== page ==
John Muscedere: With the right strategies, aging does not have to be synonymous with illness and frailty

Opinion: There are real steps policy makers can take to increase the time seniors are in good health, can live independently on their own, engage in social relationships and contribute to society

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Canada is growing. In June, our population reached 40 million — but we are not only getting bigger, we are getting older.

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There are now more than 7.3 million Canadians who are 65 years or older, and that number is climbing as the Baby Boomers age. By 2051, seniors are expected to make up 25 per cent of the population, with the number of seniors over 85 years tripling to 2.5 million.

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This rapidly expanding demographic will have a profound effect on our society. While many younger seniors remain healthy and active in their communities, working and volunteering, a significant proportion of older seniors have complex health-related issues and many require the supports of long-term care settings.

Seniors in Canada account for almost half of all health-care spending.

As they continue to grow in numbers, older Canadians could overwhelm our health-care and social services budgets unless we change the way we view aging and make the necessary investments in programs, technologies, and research that foster healthy aging or aging in place.

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Fortunately, we are starting to see changes. In the wake of the COVID pandemic and its devastating effect on older Canadians, governments and other organizations are becoming increasingly interested in healthy aging. For instance, last fall, Kingston, Ont. became home to the first centre for healthy aging in Canada and this past spring, the federal government held public consultations on how to better support seniors living in their own homes.

What is healthy aging?

It is about creating environments and opportunities that enable people to maintain their functional abilities as they get older. It challenges the mindset that as we age, we inevitably will have more diseases and health conditions, lose mental and physical capacity, and have a reduced quality of life.

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While older people are more susceptible to many diseases and illnesses, there are things we can do to reduce this and increase their health span, or the time that they are in good health, can live independently on their own, engage in social relationships, and contribute to society.

Healthy aging covers a range of strategies. It includes things like getting regular exercise and doing strength training, eating a healthy diet, keeping vaccinations up to date, limiting medications to only what is necessary, and staying socially connected to others.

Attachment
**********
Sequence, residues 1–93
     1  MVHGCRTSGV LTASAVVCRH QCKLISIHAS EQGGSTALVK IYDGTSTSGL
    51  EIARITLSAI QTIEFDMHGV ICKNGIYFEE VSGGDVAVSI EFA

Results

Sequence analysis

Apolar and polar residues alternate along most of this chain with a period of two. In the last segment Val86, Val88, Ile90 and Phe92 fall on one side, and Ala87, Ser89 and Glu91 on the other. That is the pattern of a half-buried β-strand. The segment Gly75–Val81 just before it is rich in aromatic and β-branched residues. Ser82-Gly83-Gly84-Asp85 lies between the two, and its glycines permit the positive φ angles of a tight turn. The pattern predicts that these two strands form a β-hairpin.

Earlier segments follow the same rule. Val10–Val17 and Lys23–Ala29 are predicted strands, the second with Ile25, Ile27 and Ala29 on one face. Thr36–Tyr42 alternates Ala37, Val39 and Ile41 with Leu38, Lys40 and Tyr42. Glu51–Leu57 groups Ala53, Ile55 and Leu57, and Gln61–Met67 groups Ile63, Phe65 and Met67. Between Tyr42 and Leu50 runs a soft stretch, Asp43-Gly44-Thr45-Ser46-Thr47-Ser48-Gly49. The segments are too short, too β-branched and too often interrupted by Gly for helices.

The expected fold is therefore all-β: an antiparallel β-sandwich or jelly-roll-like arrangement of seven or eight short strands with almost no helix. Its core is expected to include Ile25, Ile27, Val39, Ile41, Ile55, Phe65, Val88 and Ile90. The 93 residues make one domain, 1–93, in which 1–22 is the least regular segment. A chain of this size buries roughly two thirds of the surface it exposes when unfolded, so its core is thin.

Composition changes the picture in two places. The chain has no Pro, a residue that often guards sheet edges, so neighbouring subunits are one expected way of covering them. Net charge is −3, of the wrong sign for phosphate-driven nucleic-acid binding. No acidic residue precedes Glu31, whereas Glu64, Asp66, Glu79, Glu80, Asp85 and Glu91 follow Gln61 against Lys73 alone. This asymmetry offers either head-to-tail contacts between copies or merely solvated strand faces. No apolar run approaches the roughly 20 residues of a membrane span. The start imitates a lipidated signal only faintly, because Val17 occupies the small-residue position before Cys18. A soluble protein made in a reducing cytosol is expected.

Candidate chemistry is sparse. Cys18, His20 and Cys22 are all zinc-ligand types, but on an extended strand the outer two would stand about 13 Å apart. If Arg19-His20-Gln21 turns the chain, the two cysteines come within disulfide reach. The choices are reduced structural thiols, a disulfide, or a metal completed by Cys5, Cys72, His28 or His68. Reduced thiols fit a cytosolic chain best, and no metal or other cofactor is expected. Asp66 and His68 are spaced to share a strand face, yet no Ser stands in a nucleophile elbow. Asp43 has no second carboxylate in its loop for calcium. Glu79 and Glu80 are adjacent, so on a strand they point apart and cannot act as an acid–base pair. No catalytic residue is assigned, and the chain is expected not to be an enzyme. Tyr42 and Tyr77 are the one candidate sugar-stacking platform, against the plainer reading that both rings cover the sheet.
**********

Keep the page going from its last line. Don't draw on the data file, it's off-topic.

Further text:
There is a lot that governments and other organizations can do to encourage and support these behaviours. Examples include funding community centres so that they can offer senior-focused exercise and nutrition classes, making vaccination more accessible through local community hubs, and offering more opportunities for seniors to engage with others either through community-based programs or online.

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Healthy aging is also about finding ways to make it easier for seniors to continue to live at home or in their community. Governments and communities need to ensure that there are more and better home-care options, not just to meet health-care needs, but also to help seniors maintain their homes.

Governments should also consider financial support for unpaid caregivers, more flexible public transportation choices, and investing in a range of housing options that truly meet seniors’ needs.

Technology is also an important tool in healthy aging. During the early months of the COVID pandemic, we saw how vital cellphones and tablets were for families trying to stay connected to their older relatives and how important telemedicine was for seniors to connect with their doctors.

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Other technology innovations such as smart or wearable devices, virtual reality, and artificial intelligence, can help seniors set and monitor health goals, track medication use, and participate in physiotherapy and other activities to retain or regain physical function.

Research into the biology of aging and disease is also essential for healthy aging. Health researchers in the field of geroscience are working to understand the genetic, molecular, and cellular biological mechanisms and determinants of aging and the diseases and conditions that are more prevalent as we get older.

Our goal is to find ways to prevent, diagnose, and treat age-related diseases and conditions so that aging does not have to be synonymous with illness and frailty.

Geroscientists are pursing many promising research avenues that could profoundly change how we view and treat aging — but they need policy makers to help put those ideas into widespread action. With research advances and more investments in healthy aging initiatives, older Canadians can live healthier, more independent lives longer, to all of society’s benefit.

John Muscedere is CEO of the Canadian Frailty Network and a professor in the School of Medicine at Queen’s University.

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